HEY, ADULTS 18-49, WHERE the hell did you go?
Last year around this time, everybody was talking about the best way to appeal to you, the importance of attracting you, how advertisers (and therefore the networks) didn’t care about anybody but you.
So what happened? The networks threw a big party last fall, and you didn’t show up. According to Nielsen figures for the just-completed “official” September-through-April TV season, four-network viewing by women 18-49 (don’t lie, you know who you are) dropped 6% compared to last season, and the male audience in that demographic fell off just over 4%.
What kind of gratitude is this? You, who kept “Matlock” off ABC’s fall schedule, rewarded the network by failing to watch “Delta” and “Room for Two.” You, who convinced NBC to let go of “In the Heat of the Night” and “The Golden Girls,” turned up your noses at “The Round Table” and “Here and Now.”
Granted, the 1992-93 term boasted the highest Academy Award rating in a decade, best Super Bowl since 1987 and the top entertainment special (a.k.a., Michael Jackson’s weirdest home video) since 1983.
Still, when it came to being there on a regular basis — and to giving new series a chance — you punted.
In the process, you left your would-be paramours, the networks, to be mugged in the press for “abandoning” older viewers as part of a crass effort to woo younger types. CBS, which has always skewed older anyway, seized upon the situation to proclaim itself TV’s last bastion of broadcasting, accusing their rivals of “panting after teenagers” and pledging to make the world safe for programs that appeal to everyone — the Geritol set included.
For all their talk of love last spring, the networks are singing a different tune this year during the mating ritual known as development season. Even Fox Broadcasting Co. — which has based its success on shows that appeal largely to teens and the barely-out-of-college set — is trumpeting plans to expand its reach into the 35-49 bracket.
ABC executives, who had the best year in terms of holding onto the 18-49 contingent, even said that their mandate is to pursue your demographic vigorously, “except where we don’t.” In other words, ABC will seek younger viewers where it can find them, but on Thursday nights next fall, hasta la vista , babies.
NBC has made the most complete switch, in a whirling, 360-degree turn that would even impress the network’s biggest star, Michael Jordan. New West Coast president Don Ohlmeyer announced to advertisers in March that NBC’s goal will be a “relentless pursuit of eyeballs”– anybody’s, not just yours.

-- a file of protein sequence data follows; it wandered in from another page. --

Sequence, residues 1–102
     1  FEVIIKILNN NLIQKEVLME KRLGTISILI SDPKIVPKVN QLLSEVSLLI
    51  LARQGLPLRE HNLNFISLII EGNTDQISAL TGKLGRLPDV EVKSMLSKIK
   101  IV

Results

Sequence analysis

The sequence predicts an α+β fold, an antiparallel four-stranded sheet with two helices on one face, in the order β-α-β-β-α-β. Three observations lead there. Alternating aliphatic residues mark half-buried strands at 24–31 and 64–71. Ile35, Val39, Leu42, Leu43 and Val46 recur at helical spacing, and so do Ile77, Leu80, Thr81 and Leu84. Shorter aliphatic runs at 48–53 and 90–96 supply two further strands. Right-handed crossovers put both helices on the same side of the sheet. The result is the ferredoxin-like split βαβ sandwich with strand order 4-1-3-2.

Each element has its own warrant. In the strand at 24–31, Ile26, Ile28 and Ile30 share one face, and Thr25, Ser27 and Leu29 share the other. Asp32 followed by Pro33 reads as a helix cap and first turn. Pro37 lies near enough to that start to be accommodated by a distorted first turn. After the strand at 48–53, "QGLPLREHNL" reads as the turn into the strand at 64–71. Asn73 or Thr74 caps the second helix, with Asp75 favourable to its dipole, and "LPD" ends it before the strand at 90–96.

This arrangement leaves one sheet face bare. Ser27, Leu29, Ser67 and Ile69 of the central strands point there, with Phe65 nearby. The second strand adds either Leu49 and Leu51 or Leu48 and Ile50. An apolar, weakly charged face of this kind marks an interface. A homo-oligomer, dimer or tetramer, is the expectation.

EVEN ADVERTISING AGENCIES, whose lust for 18-to-49-year-olds put you in such high demand, have taken potshots at last season’s full-court press to attract you. In their 1993-94 pilot guide, Saatchi & Saatchi Advertising says the networks have “recognized that their original role as broadcasters with broad-based programs — not niche programmers — is their best bet (and) they must develop programs with this in mind.”
Observations by media buyers need to be viewed warily, since they fulfill the dual role of handicapping the fall lineups and securing the best rates for their clients. These are the same people who criticize network programmers for not taking risks, then pull their advertising from any program more controversial than “Three’s Company.”
For that reason, no one will know until the upfront sales season ends just how sincere everybody is about their desire to broaden the spectrum beyond adults 18-49, or whether the policy offers financial incentives to justify its obvious ratings benefits.
For now, however, thanks to your fickleness, network honchos continue to engage in their demographic two-step: a combination of back-pedaling and side-stepping, with an occasional twist.
AFTERMATH: Los Angeles may have reason to rejoice at the calm that followed the verdicts in the Rodney King beating trial, but local TV and radio stations are left with some serious soul-searching to do.
Intent on providing “live” coverage when there was nothing much happening, stations engaged in a dizzying array of ridiculous man-on-the-street interviews at Burger King, on the corner of Florence and Normandie and anywhere else they could find someone with a pulse.
Granted, newspapers also conduct such interviews, but not “live.” In print, reporters have a chance to go through material and decide what to throw away and what to keep.
That can be done on TV, too, but it wouldn’t have the heat of being “live,” so we’re left with the babblings of any idiot who happens to stagger by sans the benefit of editing, reason or analysis. (One woman interviewed by a KNBC-TV reporter, in fact, seemed mentally unbalanced, which based on the level of the questions may have qualified her for anchor duty.)
Who are these people? Why do they deserve to have their unedited opinions splattered over the airwaves simply because the technology exists? These are some of the questions that should be asked, starting today. The immediate threat of widespread civil unrest may have come and gone, but the crisis in local news continues.